Overall I think Transformers: War for Cybertron does a fantastic job at creating an origins story that old fans can applaud and newcomers can enjoy. But when contrasted against other 3rd person shooters in its genre it’s rather generic and has quite a few growing pains despite the historic rivalry that is presents. While certainly not a bad title I do believe its thought of more highly, by me included, because the Transformer named is so revered by fans and the names of these Transformers are so nostalgic not to mention the complete lack of even a competent Transformers game in the past. Don’t get me wrong there is truly some shinning moments in this title and I believe High Moon Studio has built a solid foundation and should be applauded for their effort and respect of the subject matter when developing this ultimately enjoyable game.I just think when it’s all said and done Transformers: War for Cybertron is just a good short term diversion and nothing more.

During the summer lull of releases its difficult to find any game to play let along a quality game therefore if you’re a Transformers fan or just looking for a quality game to play during this down time then no doubt I think Transformers: War for Cybertron presents enough of a value to purchase and play through. However if on the other hand you don’t have the same fond memories of Transformers or have a healthy backlog to play then I suggest you don’t purchase this title but feel its at least worth a rental at some point in time.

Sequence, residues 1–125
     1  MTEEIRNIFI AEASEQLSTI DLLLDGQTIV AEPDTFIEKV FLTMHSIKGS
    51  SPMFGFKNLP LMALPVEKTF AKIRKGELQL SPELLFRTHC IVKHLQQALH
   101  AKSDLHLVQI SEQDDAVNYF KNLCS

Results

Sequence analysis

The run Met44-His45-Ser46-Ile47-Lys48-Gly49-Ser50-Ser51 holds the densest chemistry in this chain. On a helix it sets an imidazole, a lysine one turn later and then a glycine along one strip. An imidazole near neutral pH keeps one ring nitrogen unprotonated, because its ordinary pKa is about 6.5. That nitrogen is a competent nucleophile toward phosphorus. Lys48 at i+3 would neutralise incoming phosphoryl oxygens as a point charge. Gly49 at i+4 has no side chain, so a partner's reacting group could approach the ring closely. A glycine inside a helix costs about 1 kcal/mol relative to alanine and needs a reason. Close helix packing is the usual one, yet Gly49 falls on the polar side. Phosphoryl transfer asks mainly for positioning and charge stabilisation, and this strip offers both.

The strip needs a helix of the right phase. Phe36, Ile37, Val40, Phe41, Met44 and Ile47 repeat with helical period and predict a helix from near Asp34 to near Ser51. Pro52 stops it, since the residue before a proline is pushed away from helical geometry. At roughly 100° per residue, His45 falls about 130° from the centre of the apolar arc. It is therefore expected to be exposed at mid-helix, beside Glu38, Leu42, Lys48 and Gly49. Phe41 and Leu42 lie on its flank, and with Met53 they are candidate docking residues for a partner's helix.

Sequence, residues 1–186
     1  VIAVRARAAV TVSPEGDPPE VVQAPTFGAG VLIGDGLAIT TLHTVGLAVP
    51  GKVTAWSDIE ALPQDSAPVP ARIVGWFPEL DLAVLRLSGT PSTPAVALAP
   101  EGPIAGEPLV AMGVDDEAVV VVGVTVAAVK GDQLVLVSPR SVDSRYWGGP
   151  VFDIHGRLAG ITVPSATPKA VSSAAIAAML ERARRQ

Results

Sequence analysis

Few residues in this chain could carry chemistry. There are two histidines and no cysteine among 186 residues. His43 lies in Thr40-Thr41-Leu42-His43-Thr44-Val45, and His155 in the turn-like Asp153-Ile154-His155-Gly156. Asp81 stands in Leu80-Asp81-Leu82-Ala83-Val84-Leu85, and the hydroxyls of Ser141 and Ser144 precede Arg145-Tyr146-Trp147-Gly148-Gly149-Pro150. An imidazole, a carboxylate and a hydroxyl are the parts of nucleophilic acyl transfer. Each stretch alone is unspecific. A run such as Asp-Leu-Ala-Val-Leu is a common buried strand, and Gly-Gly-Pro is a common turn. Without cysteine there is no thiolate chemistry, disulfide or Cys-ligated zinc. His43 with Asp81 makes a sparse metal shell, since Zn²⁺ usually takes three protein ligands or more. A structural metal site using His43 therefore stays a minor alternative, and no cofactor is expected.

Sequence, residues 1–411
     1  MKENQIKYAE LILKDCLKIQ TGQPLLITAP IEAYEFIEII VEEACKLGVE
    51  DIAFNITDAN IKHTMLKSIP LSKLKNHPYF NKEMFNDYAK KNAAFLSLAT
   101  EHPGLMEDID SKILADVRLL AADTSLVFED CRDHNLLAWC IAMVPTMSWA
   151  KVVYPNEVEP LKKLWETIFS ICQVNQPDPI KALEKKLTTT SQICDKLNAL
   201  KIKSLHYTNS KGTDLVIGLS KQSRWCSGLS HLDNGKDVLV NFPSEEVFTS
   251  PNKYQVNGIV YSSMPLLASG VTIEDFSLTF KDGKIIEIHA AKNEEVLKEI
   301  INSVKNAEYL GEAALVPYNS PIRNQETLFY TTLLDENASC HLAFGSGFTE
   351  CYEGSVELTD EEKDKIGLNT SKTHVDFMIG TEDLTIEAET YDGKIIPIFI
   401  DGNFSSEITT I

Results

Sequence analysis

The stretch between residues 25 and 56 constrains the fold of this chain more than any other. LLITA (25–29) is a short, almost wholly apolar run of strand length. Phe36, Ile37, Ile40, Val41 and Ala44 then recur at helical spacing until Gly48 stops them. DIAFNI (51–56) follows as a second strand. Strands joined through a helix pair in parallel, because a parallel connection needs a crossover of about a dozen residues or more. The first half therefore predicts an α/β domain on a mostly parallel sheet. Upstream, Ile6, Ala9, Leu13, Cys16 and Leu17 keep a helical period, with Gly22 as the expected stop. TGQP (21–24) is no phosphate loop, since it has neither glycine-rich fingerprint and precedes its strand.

Transformers: War for Cybertron for the PlayStation 3 was provided to me for reviewing purposes by Activision. The games single player campaign was completed on the medium setting in 11.5 hours. I subsequently spent another 8 hours playing the multiplayer and co-operative features while obtaining 24 of the available 51 trophies. Transformers: War for Cybertron was developed by High Moon Studios and published by Activision and is available for the PlayStation 3, Xbox 360 and PC systems.

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God of War 3 Review

26 06 2010

Introduction